On February 7, 1854 the federal councillors enacted the law on the “federal polytechnical school in association with a school for higher education in the exact, political and humanistic sciences”. In autumn 1855, the Polytechnic opened its doors.
The constitutional law was a new beginning but it also marked the conclusion of a lengthy debate. Back in the 18th century, enlightened thinkers such as Isaak Iselin had nurtured patriotic dreams of higher education for their fellow-countrymen. During the Helvetic Republic, around 1800, Minister Philipp Albert Stapfer drew up the concept of a university for the whole of Switzerland. The founding of the Federal State in 1848 gave fresh impulse to these ideas. In its second session, the new Parliament argued at great length about whether there should be a national university alongside the existing cantonal ones. Higher education thus became an issue in the difficult relations between cantonal authorities and the Federal State.
Several committees of experts tackled the question but it took years of negotiations before a solution was found. The bill was an extremely controversial one because of Switzerland being a multilingual country. Furthermore, the Catholic and the rural cantons wanted to avoid a cultural dictatorship on the part of the Protestant urban centres of Geneva, Berne, Basle and Zurich, who in turn were worried about the competition from a national university as they already ran their own cantonal ones. The project only managed to secure a majority when it was amended to focus on technical subjects.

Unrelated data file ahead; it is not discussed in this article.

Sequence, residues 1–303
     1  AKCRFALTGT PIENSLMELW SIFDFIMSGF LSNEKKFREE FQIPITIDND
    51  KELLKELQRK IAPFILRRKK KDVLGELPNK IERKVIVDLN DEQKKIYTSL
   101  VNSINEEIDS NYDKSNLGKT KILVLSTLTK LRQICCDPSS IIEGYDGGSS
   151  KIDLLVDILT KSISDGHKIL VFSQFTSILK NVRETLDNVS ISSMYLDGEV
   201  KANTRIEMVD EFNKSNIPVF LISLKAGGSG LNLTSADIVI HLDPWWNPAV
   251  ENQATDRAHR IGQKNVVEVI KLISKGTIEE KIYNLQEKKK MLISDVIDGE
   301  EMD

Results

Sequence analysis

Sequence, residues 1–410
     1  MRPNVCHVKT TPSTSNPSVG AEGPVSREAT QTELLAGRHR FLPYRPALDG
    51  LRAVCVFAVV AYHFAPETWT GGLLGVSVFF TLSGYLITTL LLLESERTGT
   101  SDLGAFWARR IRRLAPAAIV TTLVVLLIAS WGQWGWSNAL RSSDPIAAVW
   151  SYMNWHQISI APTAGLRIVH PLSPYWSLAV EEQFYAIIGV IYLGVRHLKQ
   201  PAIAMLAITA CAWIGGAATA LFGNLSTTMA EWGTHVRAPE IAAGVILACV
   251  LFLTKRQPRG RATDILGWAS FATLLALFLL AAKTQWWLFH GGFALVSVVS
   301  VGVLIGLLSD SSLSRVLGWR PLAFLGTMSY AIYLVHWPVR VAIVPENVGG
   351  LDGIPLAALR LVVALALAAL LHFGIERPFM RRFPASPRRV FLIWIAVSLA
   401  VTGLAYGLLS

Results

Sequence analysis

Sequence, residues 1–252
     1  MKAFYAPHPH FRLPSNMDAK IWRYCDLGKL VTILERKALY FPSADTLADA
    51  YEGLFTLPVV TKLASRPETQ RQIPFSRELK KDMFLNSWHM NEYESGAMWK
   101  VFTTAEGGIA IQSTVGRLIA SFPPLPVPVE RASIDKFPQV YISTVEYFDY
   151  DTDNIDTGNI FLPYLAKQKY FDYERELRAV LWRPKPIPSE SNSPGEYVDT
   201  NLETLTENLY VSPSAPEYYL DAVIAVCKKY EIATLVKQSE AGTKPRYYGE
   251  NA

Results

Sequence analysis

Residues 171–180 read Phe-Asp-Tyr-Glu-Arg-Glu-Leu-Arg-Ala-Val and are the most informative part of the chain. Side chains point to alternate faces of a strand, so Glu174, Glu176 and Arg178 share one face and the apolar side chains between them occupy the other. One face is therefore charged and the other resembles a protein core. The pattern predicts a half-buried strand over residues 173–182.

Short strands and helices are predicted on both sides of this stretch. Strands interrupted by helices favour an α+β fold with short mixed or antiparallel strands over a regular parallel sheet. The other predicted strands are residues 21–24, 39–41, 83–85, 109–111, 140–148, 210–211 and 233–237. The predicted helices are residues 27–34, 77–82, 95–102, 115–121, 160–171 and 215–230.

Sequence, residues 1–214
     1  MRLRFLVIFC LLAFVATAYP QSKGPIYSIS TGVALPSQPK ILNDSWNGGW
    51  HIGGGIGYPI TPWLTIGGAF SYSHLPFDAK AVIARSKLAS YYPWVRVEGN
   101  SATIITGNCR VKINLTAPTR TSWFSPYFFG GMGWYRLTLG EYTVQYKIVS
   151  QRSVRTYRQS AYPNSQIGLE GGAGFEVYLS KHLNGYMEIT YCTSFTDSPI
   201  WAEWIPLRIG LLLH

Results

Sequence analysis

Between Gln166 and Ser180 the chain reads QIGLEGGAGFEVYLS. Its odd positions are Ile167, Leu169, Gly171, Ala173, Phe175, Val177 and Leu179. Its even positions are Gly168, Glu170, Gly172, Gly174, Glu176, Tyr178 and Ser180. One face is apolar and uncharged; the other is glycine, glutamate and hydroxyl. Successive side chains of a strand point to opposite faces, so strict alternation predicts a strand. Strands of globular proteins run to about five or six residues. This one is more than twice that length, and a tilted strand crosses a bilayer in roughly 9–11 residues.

So the founding of the Polytechnic in 1854 can undoubtedly be described as the political realization of the old Helvetic dream of a national university.
Dispensing with the classical range of subjects of a university was not simply the essential prerequisite for getting the project off the ground. It also tuned in with the mood of the modern era of technology and industry. The federal polytechnic was intended to generate the knowledge required to build up a national infrastructure for the future. It was also intended to provide an unequalled range of courses that would make the national elite more professional and improve their career opportunities.
|1848||Founding of the Swiss Federal State|
|1851||Setting up of a commission under federal councillor Stefano Franscini|
||February 7: Law on the founding of a “federal polytechnical school in association with a school for the advanced study of the exact, political and humanistic sciences”|
||October 16: Classes begin in various premises in the city of Zurich|
| Last update:
March 31, 2005 |
!!! This document is stored in the ETH Web archive and is no longer maintained !!!